Late in the 1980s, the University Singers saw a major change in their complement. Music student numbers grew to the point that there were enough to form a separate “Chamber choir”. They start to appear in programmes with repertoire apart from the main group. The ambitious students wanted to get more out of their choir experience and so the chamber choir met for a separate afternoon rehearsal, joining the “community” group for the usual weekly evening gathering. In addition, the Estrie Young Singers children’s’ choir (also directed by Nancy Rahn) contributed to some of the programmes. When the Music Department moved into the newly-renovated Bandeen Hall in the winter term of 1992, the feeling that the Singers had their own home and should be more closely linked to Department, and less tied to the community, grew stronger. (The big change – moving rehearsals to the late afternoon twice a week – took a while longer.) The focus of the Singers changed to the “University”, and to the student body. But not to worry – the Christmas show now filled Bandeen Hall for a couple of evenings.
1991 saw the Mozart bi-centennial and a flurry of choral works by this master, but the most exciting event of the decade was the premiere of Andrew MacDonald’s The Portal, commissioned to celebrate the 150th Anniversary of Bishop’s University, and performed under the threat of a major flood in April of 1994. With the lyrics taken from poets associated with Bishop’s through its history, the performance featured almost the entire student body of the Music Department. Programmes through the 90s continued to explore new choral repertoire: different works by Vivaldi and Fauré, Bach, Mendelssohn, Schubert and many others. It wasn’t until Nancy Rahn’s last show as director that the bold – and at the time controversial – decision was taken to produce a concert that was not taken from the classical repertoire: an evening of Broadway melodies. This was a decision that was heartily supported by the students of the department, who added an element of “show” to the evening by providing their own choreography to some of the numbers. The audiences loved it. After that, the Singers never looked back!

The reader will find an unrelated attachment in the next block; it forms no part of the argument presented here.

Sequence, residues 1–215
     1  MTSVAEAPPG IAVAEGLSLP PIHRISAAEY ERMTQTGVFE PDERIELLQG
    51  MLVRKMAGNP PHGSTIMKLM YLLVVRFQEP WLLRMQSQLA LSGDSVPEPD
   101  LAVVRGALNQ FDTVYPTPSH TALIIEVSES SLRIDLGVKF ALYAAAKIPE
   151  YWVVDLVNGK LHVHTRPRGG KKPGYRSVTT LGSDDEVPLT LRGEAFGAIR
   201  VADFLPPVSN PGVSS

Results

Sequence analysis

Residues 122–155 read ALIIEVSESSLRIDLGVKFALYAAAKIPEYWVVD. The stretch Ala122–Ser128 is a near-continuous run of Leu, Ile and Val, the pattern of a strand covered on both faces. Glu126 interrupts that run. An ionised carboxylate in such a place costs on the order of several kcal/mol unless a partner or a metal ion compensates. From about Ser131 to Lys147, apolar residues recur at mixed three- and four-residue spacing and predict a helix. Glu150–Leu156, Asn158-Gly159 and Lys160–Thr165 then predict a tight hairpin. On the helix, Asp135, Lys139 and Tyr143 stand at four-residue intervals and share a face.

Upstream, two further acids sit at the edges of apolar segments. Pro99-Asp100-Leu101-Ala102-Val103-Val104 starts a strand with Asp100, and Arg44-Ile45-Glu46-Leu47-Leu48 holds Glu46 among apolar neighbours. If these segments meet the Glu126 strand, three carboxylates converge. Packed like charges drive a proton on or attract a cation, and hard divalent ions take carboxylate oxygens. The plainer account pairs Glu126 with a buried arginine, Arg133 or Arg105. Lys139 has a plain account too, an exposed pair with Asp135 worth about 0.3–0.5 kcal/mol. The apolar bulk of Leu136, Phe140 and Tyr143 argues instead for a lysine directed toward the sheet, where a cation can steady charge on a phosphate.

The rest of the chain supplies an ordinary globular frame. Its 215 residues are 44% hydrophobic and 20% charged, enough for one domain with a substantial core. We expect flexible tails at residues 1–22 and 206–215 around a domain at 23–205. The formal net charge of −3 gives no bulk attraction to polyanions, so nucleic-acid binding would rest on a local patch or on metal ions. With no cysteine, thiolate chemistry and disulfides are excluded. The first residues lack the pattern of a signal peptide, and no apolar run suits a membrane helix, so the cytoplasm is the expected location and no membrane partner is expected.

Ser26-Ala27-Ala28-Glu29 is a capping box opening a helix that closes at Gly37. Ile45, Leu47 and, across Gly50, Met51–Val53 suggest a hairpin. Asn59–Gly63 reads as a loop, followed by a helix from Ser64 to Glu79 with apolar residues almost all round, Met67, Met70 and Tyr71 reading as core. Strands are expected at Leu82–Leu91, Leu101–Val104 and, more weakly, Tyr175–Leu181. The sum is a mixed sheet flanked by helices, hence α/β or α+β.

When Bishop’s Philosophy professor Jamie Crooks took over from Nancy Rahn in 1999 (somewhat to his own surprise) he could little have imagined how he would revolutionize the group. Equally surprised was a young music student, Fannie Gaudette, who had just arrived at Bishop’s from the University of Sherbrooke, and who was recruited to join him as accompanist for his first concert. That, folks, is how history is made. After a few years learning the ropes, Crooks soon found his footing. For the classical show each season he began with the tried and true – the Fauré Requiem and excerpts from Elijah, but the spring show soon achieved a life of its own, and inspired in Dr. Crooks a youthful spirit and enthusiasm that rubbed off on everyone in the choir. The show of spring 2001, “From G. and S to S. and G.”, (which included a generous measure of L. and M. – i.e. Lennon and McCartney) set the new standard: a pop band on the stage of Bandeen! (That band has proved to be remarkably durable.) Choir enrollment soared – it became the coolest thing on campus and guys who were before reluctant to sing out in public became incipient rock stars. The community membership grew apace, as did the crowds who came (one imagined) as much to see Dr. Crooks’ conducting pyrotechnics as much as the obvious enthusiasm of choir members. Each spring show came with a theme – “Winds of Change”, “Colour and Light”, “Keeping Time” – and the carefully selected programme turned into a seamless evening’s entertainment. Choir members memorized their music, and shifted around the stage to present the backdrop for the many talented soloists – and dancers!